Dear Abby: Daughter-in-law is supposed to be visiting with us, but texts others instead

Her husband’s parents are taken aback by her disinterest in the conversation at hand.

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DEAR ABBY: Our son and his wife were visiting with us in our living room. While we were talking, his wife picked up her cellphone and several times initiated texts during their brief visit. My spouse and I think it was rude, but we haven’t said anything to them. Should we? We would prefer that everybody be fully present during the short time we’re together.

During a prior visit at our house, I asked her a question. As she was about to answer me, her cellphone buzzed. She got up, made a phone call and left the room for a while. Her call wasn’t an emergency; it was just to chat. We thought that was rude, too.

What, if anything, should we say or do? She makes frequent texts and phone calls when we visit them. Are the rules different at their house? — PERPLEXED DAD IN TEXAS

DEAR DAD: Your daughter-in-law’s behavior was rude and disrespectful. In your house, you should establish the rules. Consider making one of them leaving cellphones in a basket at your front door. (In your son and DIL’s home, they can make the rules.) You should have spoken up about how she made you feel the first time it happened, because the unspoken message she conveyed to you was that she wasn’t interested in interacting with you.

DEAR ABBY: I’m hoping you can help with an ongoing issue I’m having with my sister-in-law. She has verbally assaulted me four times, each time acting like she doesn’t remember what she said or apologizing — only to do it again. When these assaults happen, she’s intoxicated and high (I suspect she has an addiction problem).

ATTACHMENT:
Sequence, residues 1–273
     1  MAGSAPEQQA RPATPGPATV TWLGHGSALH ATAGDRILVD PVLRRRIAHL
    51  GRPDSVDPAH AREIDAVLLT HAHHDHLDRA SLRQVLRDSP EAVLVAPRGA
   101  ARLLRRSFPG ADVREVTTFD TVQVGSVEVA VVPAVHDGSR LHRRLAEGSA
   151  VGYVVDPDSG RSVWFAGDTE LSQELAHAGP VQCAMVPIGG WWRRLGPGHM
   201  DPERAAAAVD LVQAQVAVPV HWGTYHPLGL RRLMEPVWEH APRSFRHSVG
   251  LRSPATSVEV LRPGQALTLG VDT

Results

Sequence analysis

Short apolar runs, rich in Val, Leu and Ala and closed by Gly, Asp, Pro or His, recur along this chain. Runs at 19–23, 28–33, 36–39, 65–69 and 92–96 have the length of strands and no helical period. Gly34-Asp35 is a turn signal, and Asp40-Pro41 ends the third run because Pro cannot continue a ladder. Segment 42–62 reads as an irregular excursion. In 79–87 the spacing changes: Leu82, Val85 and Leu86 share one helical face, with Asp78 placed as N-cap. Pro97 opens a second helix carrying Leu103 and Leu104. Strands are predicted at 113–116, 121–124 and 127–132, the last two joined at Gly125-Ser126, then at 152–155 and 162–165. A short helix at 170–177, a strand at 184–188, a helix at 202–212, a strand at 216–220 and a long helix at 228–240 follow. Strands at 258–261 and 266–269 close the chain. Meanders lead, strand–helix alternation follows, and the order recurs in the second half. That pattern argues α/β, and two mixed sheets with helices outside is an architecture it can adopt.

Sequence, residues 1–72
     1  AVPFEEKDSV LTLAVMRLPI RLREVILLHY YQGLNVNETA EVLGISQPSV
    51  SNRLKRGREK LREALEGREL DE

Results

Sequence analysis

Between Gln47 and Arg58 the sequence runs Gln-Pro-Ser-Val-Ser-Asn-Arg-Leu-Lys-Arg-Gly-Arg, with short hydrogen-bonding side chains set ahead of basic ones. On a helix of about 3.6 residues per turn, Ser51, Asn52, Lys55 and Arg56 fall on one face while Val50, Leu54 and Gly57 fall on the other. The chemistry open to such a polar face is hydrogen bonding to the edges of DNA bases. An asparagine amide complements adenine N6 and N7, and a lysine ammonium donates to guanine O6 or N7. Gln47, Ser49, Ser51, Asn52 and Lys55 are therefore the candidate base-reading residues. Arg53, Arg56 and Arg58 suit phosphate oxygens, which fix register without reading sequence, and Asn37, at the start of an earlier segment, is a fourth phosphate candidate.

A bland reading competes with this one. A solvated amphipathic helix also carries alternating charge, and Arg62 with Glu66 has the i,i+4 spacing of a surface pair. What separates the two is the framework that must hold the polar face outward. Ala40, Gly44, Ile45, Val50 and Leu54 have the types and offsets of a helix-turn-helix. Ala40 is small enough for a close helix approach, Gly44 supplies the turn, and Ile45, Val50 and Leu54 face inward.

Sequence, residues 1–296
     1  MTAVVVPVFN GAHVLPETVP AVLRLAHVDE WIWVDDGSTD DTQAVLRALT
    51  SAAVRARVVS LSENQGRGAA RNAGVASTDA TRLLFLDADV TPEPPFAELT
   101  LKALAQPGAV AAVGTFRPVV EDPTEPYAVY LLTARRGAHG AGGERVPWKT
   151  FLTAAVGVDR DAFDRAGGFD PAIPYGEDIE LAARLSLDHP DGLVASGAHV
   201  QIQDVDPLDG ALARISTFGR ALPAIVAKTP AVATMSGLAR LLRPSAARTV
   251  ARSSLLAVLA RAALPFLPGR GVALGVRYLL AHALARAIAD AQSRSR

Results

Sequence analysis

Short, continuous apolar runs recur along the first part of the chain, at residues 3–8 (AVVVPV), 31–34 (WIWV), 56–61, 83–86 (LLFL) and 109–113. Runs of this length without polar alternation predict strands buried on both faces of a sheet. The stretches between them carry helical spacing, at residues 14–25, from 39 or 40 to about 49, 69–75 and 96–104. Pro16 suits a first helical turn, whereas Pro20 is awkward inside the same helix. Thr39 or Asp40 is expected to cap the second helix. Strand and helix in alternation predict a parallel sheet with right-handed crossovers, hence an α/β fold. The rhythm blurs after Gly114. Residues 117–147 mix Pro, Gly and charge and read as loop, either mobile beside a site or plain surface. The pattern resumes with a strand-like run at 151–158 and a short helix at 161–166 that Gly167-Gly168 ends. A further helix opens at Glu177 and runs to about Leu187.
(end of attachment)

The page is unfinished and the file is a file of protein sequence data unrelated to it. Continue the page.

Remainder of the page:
I have never been anything but kind to her, her husband and her children, and I never fight back. These attacks happen mostly via phone or text, after which I hang up or block her. Once, it happened in person, and I just walked away. I have done this so it doesn’t cause even more problems, but I have reached my limit.

What do I do next time I see her at a mutual get-together? I already told my husband I will no longer attend events at her home. — HATES ALL THE DRAMA

DEAR HATES: Have you or your husband approached your sister-in-law’s husband about her erratic behavior and your concern about her substance abuse? I think you should. However, if you can’t bring yourself to do that, treat her as you would any other rude acquaintance you would prefer to avoid. When you see her at mutual get-togethers, stay on the other side of the room and do not engage with her.

DEAR READERS: Happy Father’s Day to fathers everywhere — birth fathers, stepfathers, adoptive and foster fathers, grandfathers, and all of you caring men who mentor children and fill the role of absent dads.

P.S. Also, a big shoutout to dual-role moms. I applaud you all — today and every day. — LOVE, ABBY

Dear Abby is written by Abigail Van Buren, also known as Jeanne Phillips, and was founded by her mother, Pauline Phillips. Contact Dear Abby at www.DearAbby.com or P.O. Box 69440, Los Angeles, CA 90069.

To receive a collection of Abby’s most memorable — and most frequently requested — poems and essays, send your name and mailing address, plus check or money order for $8 (U.S. funds) — to: Dear Abby — Keepers Booklet, P.O. Box 447, Mount Morris, IL 61054-0447. (Shipping and handling are included in the price.)

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